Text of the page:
Supply and demand

Robert Reich Is Wrong: 'Corporate Greed' Isn't To Blame for Egg Prices

The former labor secretary ignores the avian flu epidemic that devastated the supply of egg-laying hens.


Some laws of economics are ironclad. Competition is a natural regulator of economic activity. When demand outweighs supply, prices will rise. And when prices rise, a prominent progressive will blame it on corporate greed.

For much of 2022, the price of eggs rose dramatically, according to the Federal Reserve Bank of St. Louis. Even as inflation cooled later in the year, the per-dozen price of eggs exploded, from less than $2 in January to $3.11 by August before cracking $4.25 in December.

The situation is so severe that smugglers see it as an opportunity. U.S. Customs and Border Protection (CBP) reportedly saw a 108 percent increase in seized eggs and poultry products from October to December. Jennifer De La O, director of field operations at CBP's San Diego Field Office, warned that "uncooked eggs are prohibited entry from Mexico into the U.S. Failure to declare agriculture items can result in penalties of up to $10,000."

Over the weekend, Robert Reich, a Berkeley professor of public policy who served as secretary of labor under President Bill Clinton, tweeted his explanation for the price spike: "Corporate greed."

"Cal-Maine, the largest egg producer in the US, is raking record profits," Reich said, "$198 million in its latest quarter. That's a 65% increase from a year ago."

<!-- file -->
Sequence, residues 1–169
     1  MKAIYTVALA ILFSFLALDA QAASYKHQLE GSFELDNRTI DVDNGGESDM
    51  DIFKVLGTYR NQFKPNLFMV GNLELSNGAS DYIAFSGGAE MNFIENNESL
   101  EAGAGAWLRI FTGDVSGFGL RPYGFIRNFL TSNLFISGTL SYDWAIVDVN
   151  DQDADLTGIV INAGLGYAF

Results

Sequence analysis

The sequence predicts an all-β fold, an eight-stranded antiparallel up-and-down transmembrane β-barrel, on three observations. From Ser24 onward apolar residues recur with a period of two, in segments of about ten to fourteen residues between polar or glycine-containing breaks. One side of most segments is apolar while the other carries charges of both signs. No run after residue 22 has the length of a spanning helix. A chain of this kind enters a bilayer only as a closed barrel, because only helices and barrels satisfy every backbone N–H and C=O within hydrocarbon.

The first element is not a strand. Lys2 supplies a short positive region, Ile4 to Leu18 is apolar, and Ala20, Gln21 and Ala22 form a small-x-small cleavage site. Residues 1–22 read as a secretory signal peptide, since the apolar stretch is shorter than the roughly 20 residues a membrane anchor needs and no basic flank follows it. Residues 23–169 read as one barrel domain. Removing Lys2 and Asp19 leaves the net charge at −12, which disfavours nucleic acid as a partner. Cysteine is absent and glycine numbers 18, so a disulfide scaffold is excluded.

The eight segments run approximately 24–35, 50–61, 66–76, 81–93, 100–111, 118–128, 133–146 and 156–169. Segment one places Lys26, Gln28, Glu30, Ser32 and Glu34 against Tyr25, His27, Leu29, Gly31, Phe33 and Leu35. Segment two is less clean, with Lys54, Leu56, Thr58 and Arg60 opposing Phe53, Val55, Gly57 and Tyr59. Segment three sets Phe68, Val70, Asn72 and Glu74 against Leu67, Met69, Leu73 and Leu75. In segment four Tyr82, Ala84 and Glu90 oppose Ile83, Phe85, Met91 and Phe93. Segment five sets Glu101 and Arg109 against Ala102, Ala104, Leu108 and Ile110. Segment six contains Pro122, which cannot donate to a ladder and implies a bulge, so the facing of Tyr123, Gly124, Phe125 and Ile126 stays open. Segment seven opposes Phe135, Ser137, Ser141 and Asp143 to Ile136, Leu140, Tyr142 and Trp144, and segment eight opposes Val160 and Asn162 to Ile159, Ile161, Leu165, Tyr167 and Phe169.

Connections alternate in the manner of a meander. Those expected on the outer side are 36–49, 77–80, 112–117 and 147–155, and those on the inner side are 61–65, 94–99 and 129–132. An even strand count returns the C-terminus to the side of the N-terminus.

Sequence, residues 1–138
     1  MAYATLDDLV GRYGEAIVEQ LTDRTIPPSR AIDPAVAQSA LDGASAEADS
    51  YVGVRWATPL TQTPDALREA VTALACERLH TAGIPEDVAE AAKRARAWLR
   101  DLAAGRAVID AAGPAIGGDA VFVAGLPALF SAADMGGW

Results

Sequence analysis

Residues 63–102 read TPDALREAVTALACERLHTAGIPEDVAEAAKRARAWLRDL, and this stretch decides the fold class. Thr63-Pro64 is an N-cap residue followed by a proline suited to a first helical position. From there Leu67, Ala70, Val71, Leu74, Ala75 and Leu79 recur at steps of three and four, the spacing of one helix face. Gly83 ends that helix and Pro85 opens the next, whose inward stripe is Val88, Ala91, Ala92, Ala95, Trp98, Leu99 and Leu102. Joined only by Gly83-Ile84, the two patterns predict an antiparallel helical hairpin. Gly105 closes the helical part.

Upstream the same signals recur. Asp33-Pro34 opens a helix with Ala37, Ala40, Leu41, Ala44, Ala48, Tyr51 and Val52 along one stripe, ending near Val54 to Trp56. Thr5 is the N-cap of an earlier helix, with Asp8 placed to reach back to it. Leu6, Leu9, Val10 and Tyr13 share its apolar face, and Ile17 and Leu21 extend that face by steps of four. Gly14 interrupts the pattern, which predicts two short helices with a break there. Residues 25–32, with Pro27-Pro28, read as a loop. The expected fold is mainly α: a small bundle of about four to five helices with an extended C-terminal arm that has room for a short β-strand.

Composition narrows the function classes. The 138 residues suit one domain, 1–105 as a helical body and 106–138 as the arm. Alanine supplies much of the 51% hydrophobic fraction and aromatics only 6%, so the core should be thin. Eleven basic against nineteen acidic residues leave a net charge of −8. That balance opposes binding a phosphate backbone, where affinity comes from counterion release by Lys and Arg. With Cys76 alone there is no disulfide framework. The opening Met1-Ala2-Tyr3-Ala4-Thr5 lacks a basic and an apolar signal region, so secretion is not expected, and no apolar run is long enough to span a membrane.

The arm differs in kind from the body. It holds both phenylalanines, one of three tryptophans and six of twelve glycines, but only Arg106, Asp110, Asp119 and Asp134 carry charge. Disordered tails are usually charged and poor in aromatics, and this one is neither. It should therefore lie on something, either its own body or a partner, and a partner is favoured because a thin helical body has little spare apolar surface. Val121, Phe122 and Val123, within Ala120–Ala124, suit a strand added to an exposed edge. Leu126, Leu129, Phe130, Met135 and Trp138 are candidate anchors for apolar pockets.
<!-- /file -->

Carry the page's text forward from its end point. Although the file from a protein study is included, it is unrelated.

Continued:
Reich is not alone: The industry group Farm Action has called on regulators to investigate egg companies for price gouging. But there is a much simpler explanation for what's happening here.

A widespread avian flu outbreak devastated the poultry industry in 2022, causing the deaths of more than 43 million hens. December egg inventories were down nearly 30 percent from the year before, just in time for the holiday baking season. Under the basic rules of economics, a persistent drop in supply leading into a time of increased demand is bound to have this result.

It is inherently more likely that these fluctuations in prices are driven by market forces than that egg manufacturers all simultaneously decided to charge more. After all, when egg prices plummeted from $2 to $1.32 in mid-2020, Reich did not argue that this was a result of poultry firms' generosity and not a side effect of a giant decrease in demand at the beginning of the COVID-19 pandemic.

Higher prices account for not only the increase in demand but also the costs incurred by losing so many egg-laying hens. Reich may feel that raising prices during a shortage is unseemly, but that's exactly how businesses survive past the shortage.